Why Aren’t Developers Chasing the iMessage App Boom?

March 17, 2017 - 2 minutes read

Messaging apps — which is to say, apps that existing within messaging platforms like iMessage, Line, Messenger, and etc. — have been a huge growth area in the mobile tech industry. Sticker sets alone drove over $250 million in revenue for Line, and Western chat apps have seen similar success stories adding-on services to their platforms. That said, new data from Sensor Tower shows that developer interest in the platform is declining, along with downloads and use. Expanded messaging services are clearly a huge trend — so why is it struggling on Apple’s own messaging solution?

Part of the problem is likely due to the company’s reluctance to “clutter” the user interface with cues that the apps even exist. Unlike Facebook Messenger, WeChat, and other fun-based messaging platforms, actually accessing and using in-chat features like sticker sets is surprisingly difficult. It’s even trickier for actual apps (as opposed to sticker packs, which are oddly classified as “apps” and require a developer liscence to submit). For Chicago iOS app developers, the question becomes: “will anyone see my app?” rather than “will anyone want my app?” This is, for obvious reasons, a big problem.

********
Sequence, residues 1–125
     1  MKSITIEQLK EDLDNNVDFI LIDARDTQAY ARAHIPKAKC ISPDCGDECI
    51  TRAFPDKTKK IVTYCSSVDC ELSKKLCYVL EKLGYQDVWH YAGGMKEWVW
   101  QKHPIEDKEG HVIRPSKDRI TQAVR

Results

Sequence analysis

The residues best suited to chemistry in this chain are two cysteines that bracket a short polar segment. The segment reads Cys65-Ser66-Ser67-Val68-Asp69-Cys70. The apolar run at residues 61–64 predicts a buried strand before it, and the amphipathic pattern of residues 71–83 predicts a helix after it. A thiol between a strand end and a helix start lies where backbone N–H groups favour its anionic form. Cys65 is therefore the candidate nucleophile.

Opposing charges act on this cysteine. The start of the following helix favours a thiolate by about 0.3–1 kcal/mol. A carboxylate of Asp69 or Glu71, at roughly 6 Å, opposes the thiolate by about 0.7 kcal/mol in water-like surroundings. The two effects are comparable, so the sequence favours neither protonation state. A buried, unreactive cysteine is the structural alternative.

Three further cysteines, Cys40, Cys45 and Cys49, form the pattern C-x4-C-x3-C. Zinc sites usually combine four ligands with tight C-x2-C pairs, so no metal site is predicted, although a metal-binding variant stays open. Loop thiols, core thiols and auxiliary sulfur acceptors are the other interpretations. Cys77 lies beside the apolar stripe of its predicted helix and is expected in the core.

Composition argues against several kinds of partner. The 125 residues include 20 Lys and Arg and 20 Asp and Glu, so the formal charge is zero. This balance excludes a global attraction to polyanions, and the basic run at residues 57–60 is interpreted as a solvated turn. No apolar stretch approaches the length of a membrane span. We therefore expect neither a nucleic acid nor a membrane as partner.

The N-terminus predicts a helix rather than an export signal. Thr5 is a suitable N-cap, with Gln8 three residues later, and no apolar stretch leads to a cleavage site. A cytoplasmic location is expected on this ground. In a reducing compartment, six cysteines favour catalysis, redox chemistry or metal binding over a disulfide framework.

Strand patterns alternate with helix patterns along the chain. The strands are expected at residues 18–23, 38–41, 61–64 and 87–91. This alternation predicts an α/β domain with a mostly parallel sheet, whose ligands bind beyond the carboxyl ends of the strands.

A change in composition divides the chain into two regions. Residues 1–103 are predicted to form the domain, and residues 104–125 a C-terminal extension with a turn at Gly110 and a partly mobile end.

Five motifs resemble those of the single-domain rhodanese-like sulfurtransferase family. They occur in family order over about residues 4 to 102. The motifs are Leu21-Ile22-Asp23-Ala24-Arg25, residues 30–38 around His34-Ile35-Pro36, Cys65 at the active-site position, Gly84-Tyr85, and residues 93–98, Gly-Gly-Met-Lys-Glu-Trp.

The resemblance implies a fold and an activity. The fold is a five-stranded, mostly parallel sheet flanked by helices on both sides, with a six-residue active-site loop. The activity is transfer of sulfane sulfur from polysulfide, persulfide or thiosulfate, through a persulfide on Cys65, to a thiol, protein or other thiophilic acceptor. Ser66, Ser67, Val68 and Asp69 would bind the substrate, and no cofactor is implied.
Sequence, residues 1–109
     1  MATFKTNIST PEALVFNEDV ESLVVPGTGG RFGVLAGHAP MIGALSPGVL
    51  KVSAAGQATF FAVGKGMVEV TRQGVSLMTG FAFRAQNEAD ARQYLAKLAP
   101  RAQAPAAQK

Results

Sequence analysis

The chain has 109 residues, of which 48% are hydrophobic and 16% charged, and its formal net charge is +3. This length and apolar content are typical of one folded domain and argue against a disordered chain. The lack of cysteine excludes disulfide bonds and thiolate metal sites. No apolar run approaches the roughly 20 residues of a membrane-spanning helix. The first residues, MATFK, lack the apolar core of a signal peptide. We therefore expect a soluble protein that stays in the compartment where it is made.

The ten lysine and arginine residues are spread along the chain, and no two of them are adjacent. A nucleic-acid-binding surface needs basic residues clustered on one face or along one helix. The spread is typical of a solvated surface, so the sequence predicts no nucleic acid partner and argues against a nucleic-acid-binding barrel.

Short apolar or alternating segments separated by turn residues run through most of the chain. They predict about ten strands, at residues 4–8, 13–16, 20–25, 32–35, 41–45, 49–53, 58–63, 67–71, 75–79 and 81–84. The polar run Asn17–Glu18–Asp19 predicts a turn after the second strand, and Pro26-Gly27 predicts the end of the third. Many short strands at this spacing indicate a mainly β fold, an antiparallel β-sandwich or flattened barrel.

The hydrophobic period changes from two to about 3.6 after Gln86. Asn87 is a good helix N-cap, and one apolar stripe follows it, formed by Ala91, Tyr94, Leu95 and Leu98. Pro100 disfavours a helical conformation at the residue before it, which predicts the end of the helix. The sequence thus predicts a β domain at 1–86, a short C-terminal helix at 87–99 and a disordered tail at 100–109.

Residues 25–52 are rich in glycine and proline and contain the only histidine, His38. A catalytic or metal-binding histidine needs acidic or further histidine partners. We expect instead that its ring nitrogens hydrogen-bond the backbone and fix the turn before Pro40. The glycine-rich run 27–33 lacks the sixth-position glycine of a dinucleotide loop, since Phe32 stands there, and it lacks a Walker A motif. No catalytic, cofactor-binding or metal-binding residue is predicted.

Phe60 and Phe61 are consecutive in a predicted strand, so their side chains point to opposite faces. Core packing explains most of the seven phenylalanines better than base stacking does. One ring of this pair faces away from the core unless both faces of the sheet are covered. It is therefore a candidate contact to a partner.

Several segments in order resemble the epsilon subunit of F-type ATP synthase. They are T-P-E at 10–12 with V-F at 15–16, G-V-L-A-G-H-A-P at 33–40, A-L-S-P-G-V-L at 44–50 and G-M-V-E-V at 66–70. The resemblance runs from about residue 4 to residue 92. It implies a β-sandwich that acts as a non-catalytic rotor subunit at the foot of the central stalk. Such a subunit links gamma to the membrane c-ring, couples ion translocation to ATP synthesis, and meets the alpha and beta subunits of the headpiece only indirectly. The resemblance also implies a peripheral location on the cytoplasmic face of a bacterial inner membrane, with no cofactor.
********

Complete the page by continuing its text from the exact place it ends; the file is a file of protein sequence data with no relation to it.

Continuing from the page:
That said, there are big wins to be made on the platform — and if Apple chooses to make the in-chat app store more accessable in future UI updates, app developers with good products in-place could suddenly find themselves scoring big wins in a surprisingly uncompettative app pool. Chat apps racked up as many developer submissions in the first six months as the app store did in the first year, but given the maturity of the iOS platform those numbers are surprisingly low. Even artists and graphic designers could find themselves holding a winner with the right sticker “app” at the right time. Whether or not Apple takes a leaf out of Facebook’s book or not, it’ll be fascinating to see how the strive to improve prospects for developers in one of the most-used messaging platforms in the US.

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